There’s a common belief among local graphic artists, and perhaps artists as a whole, that without the creative skills developed in art classes, children have trouble solving life’s complex problems.
The problem increases as greater pressures for academic success, as well as peer pressure, are placed on today’s youths while, at the same time art classes are eliminated from their education, said the local chapter of the American Institute of Graphic Arts.
The most affected are San Diego’s disadvantaged children, said MaeLin Levine, president of the local AIGA chapter.
So on Oct. 21, the chapter hosted 35 students for a birdhouse-building workshop at the Jack Dodge Building in the Gaslamp District Downtown.
The mostly urban, student group was a mix of 7- to 12-year-olds from an after-school program called Kidz with Heart and high school students from the LINK project , a program that promotes the graphic arts profession to youngsters.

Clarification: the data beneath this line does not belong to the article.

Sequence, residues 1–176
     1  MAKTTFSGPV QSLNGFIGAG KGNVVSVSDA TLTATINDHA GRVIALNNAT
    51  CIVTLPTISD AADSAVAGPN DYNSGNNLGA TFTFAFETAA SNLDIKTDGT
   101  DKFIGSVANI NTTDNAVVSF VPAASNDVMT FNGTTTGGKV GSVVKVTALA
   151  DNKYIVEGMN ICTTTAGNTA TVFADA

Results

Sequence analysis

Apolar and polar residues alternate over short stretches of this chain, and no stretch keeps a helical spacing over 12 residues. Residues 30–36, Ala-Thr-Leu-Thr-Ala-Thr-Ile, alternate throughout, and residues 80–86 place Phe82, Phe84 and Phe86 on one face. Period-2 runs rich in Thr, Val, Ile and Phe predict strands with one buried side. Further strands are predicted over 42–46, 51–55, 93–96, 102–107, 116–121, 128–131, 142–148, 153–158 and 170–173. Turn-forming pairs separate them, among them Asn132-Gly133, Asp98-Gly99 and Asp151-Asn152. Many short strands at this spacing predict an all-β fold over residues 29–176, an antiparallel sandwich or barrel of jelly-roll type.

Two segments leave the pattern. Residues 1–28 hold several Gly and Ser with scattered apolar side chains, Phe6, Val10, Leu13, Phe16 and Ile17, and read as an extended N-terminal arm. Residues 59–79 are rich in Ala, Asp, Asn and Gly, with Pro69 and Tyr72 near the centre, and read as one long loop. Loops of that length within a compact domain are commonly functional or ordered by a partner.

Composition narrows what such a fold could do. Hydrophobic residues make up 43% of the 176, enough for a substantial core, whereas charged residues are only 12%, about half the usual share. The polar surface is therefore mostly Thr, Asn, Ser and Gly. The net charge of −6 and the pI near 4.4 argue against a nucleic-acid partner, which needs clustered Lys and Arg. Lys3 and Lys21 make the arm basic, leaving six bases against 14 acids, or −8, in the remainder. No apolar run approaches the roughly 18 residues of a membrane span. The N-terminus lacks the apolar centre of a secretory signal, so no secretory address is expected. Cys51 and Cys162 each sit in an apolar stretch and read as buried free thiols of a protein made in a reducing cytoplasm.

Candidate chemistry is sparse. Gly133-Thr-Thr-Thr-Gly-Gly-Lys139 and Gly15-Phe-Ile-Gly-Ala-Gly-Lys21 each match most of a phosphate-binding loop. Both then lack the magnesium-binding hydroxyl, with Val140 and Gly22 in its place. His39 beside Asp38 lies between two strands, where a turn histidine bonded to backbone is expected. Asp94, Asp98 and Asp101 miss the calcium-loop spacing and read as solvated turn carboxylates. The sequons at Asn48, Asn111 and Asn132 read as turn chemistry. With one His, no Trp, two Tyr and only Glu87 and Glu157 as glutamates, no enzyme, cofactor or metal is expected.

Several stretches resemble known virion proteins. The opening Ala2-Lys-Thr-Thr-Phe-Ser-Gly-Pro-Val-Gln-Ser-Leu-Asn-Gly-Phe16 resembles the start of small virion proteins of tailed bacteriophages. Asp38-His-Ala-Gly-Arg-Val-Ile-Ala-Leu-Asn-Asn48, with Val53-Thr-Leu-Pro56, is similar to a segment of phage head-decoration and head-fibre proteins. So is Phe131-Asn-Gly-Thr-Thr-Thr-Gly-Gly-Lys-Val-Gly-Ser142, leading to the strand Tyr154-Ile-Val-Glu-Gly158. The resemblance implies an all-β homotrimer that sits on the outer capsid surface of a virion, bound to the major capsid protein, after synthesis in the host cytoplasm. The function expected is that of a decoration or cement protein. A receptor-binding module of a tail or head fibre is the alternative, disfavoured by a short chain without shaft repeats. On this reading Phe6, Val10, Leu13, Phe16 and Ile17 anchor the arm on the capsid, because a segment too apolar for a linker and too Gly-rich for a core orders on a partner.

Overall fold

Last year’s outreach event resulted in the splashy painted city utility boxes that adorn the sidewalks of East Village, Levine said.
The birdhouses of this year will garnish an inner-city lot donated by the Centre City Development Corp. Or at least some will.
“Because of the materials (the 7- to 12-year-olds) used and the way the kids constructed things it isn’t in the best interest of the bird,” to display them all, Levine said.
However, for those that don’t pose an imminent health risk to the Downtown bird population, the AIGA plans to hang them outside The Birdhouse Project on Dale Street near the El Cortez Hotel in February. Inside the building all of the birdhouses made Oct. 21 will be displayed along with other related birdhouse sketches.
Levine said she saw a lot of promise in the children that day even if they were only doing it for fun.
“That’s really the (sad) thing, I think,” Levine said. “They don’t even realize they could make a living as an artist.”
San Diego’s chapter of graphic artists has 350 members.